ZURICH (Reuters) - Shareholders of Swiss bank UBS Group should oppose its compensation report for 2018, proxy adviser Glass Lewis said, citing “pay-for-performance concern”.
Shareholders get a non-binding vote on pay policy at the bank’s annual meeting on May 2.
Glass Lewis said that while UBS had improved earnings last year, some financial indicators including earnings per share and return on equity lagged those of its Swiss and European peers.
“We are currently troubled by the significant fines the company is facing in Europe, particularly in France, as a result of money laundering litigations,” it added.
It also suggested shareholders abstain from approving the actions of the bank’s board and top management in 2018, especially in light of a French tax case that has prompted UBS to boost litigation provisions.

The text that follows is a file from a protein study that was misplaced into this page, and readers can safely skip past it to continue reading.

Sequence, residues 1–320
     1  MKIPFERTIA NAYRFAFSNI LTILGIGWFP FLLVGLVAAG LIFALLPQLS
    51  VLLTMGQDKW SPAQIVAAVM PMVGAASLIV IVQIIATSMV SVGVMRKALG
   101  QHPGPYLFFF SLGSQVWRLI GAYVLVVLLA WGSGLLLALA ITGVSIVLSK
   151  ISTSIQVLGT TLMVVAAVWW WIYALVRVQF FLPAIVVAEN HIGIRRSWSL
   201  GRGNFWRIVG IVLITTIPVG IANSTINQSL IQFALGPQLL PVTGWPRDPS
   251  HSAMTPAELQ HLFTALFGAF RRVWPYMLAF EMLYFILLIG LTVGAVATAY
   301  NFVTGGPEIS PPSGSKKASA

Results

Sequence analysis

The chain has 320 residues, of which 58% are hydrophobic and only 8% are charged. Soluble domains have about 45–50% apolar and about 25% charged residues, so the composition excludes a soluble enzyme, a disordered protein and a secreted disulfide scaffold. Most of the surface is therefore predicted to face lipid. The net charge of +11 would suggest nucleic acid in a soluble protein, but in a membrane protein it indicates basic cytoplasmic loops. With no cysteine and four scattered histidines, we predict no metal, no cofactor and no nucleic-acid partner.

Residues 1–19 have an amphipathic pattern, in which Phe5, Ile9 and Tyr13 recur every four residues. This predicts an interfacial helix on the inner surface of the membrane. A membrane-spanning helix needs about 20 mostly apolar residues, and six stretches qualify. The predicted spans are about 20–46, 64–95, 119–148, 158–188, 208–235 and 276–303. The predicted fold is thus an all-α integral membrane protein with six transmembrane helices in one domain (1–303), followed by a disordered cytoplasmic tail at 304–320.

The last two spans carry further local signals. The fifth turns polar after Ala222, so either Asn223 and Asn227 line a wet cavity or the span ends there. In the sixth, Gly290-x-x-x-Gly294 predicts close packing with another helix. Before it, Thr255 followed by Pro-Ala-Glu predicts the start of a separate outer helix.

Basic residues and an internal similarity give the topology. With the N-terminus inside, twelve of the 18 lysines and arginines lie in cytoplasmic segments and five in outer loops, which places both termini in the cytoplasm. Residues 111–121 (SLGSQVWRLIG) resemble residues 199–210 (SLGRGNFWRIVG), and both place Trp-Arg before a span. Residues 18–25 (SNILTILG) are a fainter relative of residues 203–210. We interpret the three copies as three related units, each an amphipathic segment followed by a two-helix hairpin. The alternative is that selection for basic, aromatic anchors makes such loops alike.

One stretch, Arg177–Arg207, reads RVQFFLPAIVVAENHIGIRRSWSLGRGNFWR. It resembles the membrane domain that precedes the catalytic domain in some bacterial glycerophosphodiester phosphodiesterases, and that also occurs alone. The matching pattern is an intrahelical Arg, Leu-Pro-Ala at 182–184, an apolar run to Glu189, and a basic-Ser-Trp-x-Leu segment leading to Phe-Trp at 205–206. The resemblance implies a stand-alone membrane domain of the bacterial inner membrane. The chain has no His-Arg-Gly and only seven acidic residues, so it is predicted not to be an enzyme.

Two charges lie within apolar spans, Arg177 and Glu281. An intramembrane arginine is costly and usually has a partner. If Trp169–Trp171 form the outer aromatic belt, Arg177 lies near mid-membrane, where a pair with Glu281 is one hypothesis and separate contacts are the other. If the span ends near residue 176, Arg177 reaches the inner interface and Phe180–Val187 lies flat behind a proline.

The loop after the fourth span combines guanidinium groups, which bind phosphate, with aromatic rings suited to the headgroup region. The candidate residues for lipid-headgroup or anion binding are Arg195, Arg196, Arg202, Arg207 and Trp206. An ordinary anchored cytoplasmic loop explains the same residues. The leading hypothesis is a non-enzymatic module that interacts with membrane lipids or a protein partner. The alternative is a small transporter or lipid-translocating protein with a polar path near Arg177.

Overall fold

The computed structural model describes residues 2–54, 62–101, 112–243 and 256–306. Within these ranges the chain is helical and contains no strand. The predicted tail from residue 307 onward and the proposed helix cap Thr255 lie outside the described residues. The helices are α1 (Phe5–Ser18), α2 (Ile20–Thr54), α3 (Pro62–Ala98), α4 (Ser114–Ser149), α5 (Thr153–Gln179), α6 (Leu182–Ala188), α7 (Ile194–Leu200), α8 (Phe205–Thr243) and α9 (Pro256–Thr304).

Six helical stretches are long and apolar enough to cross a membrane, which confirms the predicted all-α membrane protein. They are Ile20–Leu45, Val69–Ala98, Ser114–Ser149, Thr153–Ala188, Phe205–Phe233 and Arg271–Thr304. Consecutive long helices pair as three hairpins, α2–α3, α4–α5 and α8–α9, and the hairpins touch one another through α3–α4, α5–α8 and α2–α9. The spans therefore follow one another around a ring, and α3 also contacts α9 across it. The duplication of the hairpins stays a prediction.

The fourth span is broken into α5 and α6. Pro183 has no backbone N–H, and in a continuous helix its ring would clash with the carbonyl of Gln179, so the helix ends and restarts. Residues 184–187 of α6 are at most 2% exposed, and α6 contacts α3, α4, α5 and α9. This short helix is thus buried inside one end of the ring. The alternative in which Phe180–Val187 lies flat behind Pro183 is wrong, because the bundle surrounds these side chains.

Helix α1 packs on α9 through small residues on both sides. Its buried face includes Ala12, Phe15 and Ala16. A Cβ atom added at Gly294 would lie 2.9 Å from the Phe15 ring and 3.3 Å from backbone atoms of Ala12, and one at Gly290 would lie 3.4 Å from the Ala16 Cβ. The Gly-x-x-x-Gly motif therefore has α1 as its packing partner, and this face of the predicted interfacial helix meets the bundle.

Glass Lewis said given uncertainty over ongoing investigations, it believes shareholders cannot “confidently determine whether it is in their best interests to ratify the acts of the members of the board and management for the past fiscal year at this time”.
UBS said in response that its compensation model had remained consistent since 2012 and had always received shareholder support.
It added that the overall incentive compensation pool for 2018 had declined, as had compensation for the executive board and chief executive.
“We believe a clear link between pay and performance has been presented in our compensation report,” it added.
Reporting by Oliver Hirt and Michael Shields; Editing by Jan Harvey and David Evans